# Angular Momentum Homework: Calculating <Lz> & ΔLz

• stunner5000pt
In summary, the conversation discusses the calculation of <\hat{L_{z}}> and \Delta L_{z} for a spherical solution of the Schrodinger equation in spherical coordinates given the superposition of spherical harmonic functions. The attempt at a solution uses a formula from the textbook, but the state in this case is a linear combination of spherical harmonics, so blindly using the formula is incorrect. The conversation also references another thread for further discussion.

## Homework Statement

For the spherical solution of the Schrodinger equation in spherical coordinates given the superposition of spherical harmonic functions

$$\frac{1}{\sqrt{14}} (Y_{1,-1}+ 2Y_{1,0}+3Y_{1,1})$$

calculate $<\hat{L_{z}}>$ and $\Delta L_{z}$2. The attempt at a solution

now from my textbook (brehm and mullin)
$$<\hat{L_{z}}> = \hbar m_{l}$$
$$<\hat{L_{z}}> = \frac{\hbar}{14} (-1 + 4(0) +9(1)) = \frac{8}{14} \hbar = \frac{4}{7} \hbar$$

while $$<L_{z}^2> = (\hbar m_{l})^2$$

this implies that the uncertainty in the Z component of the angular momentum $\Delta L_{z} =0$

but i was marked wrong in my assignment for this...

am i missing something

is there a difference between $<\hat{L_{z}}>$ and $<L_{z}> [/tex]? thanks in advance for any input <L_z^2>=(+1+0+9)/14=5/7. Thus, you should get Delta L_z=3/7. stunner5000pt said: ## Homework Statement For the spherical solution of the Schrodinger equation in spherical coordinates given the superposition of spherical harmonic functions $$\frac{1}{\sqrt{14}} (Y_{1,-1}+ 2Y_{1,0}+3Y_{1,1})$$ calculate [itex] <\hat{L_{z}}>$ and $\Delta L_{z}$

2. The attempt at a solution

now from my textbook (brehm and mullin)
$$<\hat{L_{z}}> = \hbar m_{l}$$
$$<\hat{L_{z}}> = \frac{\hbar}{14} (-1 + 4(0) +9(1)) = \frac{8}{14} \hbar = \frac{4}{7} \hbar$$

while $$<L_{z}^2> = (\hbar m_{l})^2$$

this implies that the uncertainty in the Z component of the angular momentum $\Delta L_{z} =0$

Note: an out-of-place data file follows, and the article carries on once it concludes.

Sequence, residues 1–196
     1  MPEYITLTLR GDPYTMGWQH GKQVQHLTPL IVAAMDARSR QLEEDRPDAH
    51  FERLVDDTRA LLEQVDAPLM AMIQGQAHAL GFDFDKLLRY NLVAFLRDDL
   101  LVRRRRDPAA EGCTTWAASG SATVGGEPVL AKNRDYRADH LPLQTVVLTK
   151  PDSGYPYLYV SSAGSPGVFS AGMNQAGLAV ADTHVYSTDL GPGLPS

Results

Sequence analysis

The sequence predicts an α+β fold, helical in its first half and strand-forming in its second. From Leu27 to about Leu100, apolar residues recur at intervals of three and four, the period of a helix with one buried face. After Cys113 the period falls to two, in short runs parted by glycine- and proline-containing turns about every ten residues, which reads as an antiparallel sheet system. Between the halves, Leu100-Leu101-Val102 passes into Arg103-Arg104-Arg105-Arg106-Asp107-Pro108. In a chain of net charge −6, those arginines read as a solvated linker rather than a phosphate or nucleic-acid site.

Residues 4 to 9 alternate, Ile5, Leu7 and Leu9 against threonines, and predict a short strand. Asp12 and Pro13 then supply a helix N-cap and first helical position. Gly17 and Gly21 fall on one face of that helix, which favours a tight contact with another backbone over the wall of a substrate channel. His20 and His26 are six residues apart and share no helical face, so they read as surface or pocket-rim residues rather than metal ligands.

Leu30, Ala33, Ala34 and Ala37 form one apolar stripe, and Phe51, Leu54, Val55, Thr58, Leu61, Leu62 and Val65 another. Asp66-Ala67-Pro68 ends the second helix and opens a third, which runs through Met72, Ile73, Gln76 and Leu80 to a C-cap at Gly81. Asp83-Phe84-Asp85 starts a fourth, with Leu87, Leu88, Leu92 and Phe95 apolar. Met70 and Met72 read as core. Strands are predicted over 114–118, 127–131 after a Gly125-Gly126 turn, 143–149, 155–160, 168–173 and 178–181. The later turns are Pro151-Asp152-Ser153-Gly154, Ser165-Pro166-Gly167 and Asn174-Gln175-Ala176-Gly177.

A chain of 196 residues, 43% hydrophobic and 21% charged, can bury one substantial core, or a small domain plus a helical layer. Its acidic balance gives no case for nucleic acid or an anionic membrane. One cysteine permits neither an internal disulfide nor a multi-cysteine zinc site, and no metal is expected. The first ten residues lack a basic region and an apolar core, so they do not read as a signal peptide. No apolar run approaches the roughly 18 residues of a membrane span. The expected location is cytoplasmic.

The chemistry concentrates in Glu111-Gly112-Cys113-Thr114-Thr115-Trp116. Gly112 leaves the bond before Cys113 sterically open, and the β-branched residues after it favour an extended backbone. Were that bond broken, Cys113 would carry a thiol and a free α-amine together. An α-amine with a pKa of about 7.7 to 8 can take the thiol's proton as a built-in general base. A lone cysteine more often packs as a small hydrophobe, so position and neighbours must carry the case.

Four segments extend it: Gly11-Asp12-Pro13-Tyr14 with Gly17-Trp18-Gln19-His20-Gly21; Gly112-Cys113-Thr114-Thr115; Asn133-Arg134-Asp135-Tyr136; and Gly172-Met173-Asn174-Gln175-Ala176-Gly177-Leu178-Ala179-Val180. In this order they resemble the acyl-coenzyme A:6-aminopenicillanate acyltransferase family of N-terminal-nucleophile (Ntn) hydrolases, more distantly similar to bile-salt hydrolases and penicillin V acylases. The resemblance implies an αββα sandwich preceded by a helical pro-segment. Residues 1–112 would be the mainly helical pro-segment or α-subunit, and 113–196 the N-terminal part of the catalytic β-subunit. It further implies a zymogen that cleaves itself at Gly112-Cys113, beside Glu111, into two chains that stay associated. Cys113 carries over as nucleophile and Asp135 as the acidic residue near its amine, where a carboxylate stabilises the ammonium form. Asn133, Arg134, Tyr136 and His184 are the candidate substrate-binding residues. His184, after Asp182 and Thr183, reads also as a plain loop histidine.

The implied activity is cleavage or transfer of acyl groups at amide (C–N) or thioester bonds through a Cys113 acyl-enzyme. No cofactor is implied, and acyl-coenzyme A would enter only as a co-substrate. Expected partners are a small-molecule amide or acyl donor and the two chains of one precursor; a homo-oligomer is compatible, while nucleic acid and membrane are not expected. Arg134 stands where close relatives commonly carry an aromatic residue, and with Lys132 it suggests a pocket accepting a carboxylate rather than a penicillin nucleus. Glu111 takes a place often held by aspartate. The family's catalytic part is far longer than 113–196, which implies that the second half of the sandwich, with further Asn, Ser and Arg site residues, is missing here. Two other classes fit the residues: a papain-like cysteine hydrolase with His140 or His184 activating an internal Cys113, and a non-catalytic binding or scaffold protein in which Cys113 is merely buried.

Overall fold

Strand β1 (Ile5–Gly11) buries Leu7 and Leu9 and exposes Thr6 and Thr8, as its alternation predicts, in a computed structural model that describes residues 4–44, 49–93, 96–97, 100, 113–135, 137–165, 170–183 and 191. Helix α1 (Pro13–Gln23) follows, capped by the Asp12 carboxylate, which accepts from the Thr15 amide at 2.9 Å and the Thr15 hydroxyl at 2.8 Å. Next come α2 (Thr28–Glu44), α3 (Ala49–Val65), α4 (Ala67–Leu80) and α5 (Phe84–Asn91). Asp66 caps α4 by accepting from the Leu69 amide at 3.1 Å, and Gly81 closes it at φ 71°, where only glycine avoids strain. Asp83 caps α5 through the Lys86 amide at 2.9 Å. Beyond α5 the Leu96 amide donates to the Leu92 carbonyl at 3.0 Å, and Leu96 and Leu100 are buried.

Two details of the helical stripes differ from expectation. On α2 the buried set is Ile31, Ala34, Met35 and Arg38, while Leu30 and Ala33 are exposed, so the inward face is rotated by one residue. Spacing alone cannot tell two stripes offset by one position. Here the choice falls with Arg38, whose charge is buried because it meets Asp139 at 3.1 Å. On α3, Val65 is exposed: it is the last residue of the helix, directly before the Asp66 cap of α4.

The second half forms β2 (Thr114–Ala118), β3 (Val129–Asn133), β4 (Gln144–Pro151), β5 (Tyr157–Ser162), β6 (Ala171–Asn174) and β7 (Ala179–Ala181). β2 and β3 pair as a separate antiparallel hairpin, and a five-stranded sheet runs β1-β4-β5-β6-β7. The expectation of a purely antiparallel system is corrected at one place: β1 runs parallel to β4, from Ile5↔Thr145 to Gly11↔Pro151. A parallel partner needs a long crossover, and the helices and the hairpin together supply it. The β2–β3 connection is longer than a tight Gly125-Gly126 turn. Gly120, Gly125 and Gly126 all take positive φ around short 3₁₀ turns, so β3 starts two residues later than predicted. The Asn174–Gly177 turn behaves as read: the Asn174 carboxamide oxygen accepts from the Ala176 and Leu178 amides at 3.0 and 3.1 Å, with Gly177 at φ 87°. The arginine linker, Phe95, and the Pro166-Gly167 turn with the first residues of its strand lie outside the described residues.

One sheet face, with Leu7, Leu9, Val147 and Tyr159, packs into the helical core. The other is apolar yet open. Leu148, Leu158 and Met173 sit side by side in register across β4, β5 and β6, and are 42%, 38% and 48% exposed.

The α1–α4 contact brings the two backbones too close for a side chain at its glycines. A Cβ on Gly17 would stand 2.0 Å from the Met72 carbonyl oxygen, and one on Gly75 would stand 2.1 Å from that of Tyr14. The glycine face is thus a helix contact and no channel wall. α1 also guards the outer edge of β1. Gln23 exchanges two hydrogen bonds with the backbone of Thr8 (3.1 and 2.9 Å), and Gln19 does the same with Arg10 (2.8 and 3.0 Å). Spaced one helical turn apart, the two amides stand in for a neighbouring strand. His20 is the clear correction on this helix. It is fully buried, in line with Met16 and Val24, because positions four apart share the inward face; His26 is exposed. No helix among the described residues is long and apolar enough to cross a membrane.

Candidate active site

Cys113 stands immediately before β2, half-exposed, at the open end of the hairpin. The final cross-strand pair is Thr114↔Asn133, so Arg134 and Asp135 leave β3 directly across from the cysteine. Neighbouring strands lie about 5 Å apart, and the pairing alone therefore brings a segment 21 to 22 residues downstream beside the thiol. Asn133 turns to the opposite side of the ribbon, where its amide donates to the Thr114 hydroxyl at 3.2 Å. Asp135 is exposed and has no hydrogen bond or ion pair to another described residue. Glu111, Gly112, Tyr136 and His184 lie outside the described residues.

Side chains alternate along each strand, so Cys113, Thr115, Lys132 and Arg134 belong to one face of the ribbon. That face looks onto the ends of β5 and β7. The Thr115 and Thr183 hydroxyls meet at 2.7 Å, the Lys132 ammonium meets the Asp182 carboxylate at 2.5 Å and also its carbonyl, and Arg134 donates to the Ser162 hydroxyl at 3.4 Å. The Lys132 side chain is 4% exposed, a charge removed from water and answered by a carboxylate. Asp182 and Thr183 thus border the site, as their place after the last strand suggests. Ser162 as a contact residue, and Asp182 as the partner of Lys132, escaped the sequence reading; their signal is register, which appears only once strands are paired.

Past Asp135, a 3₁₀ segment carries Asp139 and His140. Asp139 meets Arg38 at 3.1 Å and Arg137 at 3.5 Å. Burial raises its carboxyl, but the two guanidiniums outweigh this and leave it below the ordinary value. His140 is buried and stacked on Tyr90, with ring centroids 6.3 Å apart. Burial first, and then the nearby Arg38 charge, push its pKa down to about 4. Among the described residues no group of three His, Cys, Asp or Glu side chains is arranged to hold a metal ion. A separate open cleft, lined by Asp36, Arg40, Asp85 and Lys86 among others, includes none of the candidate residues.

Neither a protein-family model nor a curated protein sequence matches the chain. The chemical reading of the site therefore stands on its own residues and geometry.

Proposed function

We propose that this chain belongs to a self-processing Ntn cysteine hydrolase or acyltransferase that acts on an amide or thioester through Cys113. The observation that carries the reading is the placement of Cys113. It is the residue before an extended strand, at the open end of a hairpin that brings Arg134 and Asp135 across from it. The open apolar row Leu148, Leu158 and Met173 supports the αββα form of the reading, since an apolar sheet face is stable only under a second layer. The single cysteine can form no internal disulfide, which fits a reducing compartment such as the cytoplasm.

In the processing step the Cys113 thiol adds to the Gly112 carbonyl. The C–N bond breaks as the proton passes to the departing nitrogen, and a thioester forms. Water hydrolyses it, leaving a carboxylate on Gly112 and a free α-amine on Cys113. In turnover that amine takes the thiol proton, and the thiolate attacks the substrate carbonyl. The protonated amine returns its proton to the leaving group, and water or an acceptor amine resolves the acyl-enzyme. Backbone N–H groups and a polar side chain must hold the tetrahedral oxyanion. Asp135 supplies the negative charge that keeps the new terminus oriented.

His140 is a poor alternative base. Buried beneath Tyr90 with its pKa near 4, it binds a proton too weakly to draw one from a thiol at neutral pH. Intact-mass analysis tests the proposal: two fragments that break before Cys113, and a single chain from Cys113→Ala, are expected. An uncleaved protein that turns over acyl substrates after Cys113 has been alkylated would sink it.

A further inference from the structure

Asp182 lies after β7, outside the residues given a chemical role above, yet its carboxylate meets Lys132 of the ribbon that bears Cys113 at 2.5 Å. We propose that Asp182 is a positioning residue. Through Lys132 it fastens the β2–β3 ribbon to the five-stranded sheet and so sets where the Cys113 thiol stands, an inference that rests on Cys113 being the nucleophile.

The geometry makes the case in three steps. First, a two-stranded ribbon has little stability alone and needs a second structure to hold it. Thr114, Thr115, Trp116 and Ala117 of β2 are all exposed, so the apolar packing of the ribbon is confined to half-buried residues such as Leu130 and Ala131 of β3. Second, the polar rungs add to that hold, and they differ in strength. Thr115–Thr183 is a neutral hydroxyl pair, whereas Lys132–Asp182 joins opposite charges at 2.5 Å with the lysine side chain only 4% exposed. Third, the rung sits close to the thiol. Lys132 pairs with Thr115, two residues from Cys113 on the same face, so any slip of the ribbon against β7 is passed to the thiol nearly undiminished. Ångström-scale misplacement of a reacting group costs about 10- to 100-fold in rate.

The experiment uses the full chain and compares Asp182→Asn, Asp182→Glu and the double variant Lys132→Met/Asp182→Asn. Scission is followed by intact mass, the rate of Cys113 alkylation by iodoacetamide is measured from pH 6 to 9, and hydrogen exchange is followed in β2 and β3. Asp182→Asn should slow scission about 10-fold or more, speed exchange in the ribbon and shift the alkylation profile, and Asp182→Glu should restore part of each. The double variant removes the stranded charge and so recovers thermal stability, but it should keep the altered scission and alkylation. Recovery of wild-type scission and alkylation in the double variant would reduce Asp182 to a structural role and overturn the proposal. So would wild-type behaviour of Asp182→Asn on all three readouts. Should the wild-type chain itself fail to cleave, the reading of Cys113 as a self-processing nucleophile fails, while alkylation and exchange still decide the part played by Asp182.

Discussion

but i was marked wrong in my assignment for this...

am i missing something

is there a difference between $<\hat{L_{z}}>$ and $<L_{z}> [/tex]? thanks in advance for any input How did you get that $$\langle L_{z}^2\rangle = (\hbar m_{l})^2$$ ? dextercioby said: How did you get that $$\langle L_{z}^2\rangle = (\hbar m_{l})^2$$ ? my textbook says so...also $$<L_{z}^2>=\int \Psi^{*}_{nlm}\left(\frac{\hbar}{i}\frac{\partial}{\partial\phi}\right)\left(\frac{\hbar}{i}\frac{\partial}{\partial\phi}\right)\Psi_{nlm} d\tau = (\hbar m)^2$$ Last edited: Yes, but in your case the state is no longer [itex] \langle r, \theta, \varphi|n, l, m \rangle$ , but a linear combination of spherical harmonics. So blindly using a fomula in the book is a wrong decision...

dextercioby said:
Yes, but in your case the state is no longer $\langle r, \theta, \varphi|n, l, m \rangle$ , but a linear combination of spherical harmonics. So blindly using a fomula in the book is a wrong decision...

... I am not sure how to proceed then...

do i 'prove' it?

thanks for the help so far...

but could you look at this thread of mine... its in more of ugent need ...

## 1. What is Angular Momentum?

Angular momentum is a concept in physics that describes the rotational motion of an object. It is a measure of the object's resistance to changes in its rotation and is defined as the product of its moment of inertia and its angular velocity.

## 2. How is Angular Momentum calculated?

Angular momentum is calculated by multiplying the moment of inertia of an object by its angular velocity. The moment of inertia is a measure of an object's mass distribution around its axis of rotation, while angular velocity is the rate of change of its angular position.

## 3. What is and how is it related to Angular Momentum?

is the symbol used to represent the z-component of an object's angular momentum. It is related to angular momentum because it represents the angular momentum of an object in the z-direction, which is one component of its overall angular momentum.

## 4. What is ΔLz and how is it calculated?

ΔLz is the symbol used to represent the change in the z-component of an object's angular momentum. It is calculated by subtracting the initial value of from the final value of . This change in angular momentum can be caused by external torques acting on the object.

## 5. How can I use Angular Momentum to solve problems?

Angular momentum is a useful concept in solving problems related to rotational motion. It can be used to calculate the motion of objects in rotational systems, such as spinning tops or planets orbiting around a star. It can also be used to analyze the effects of external forces on rotating objects, such as balancing a spinning bike wheel.

• Quantum Physics
Replies
3
Views
190
Replies
21
Views
1K
Replies
6
Views
2K
Replies
2
Views
1K
Replies
4
Views
3K
Replies
2
Views
841
Replies
5
Views
1K
Replies
3
Views
1K
• Mechanics
Replies
2
Views
793
• Introductory Physics Homework Help
Replies
45
Views
2K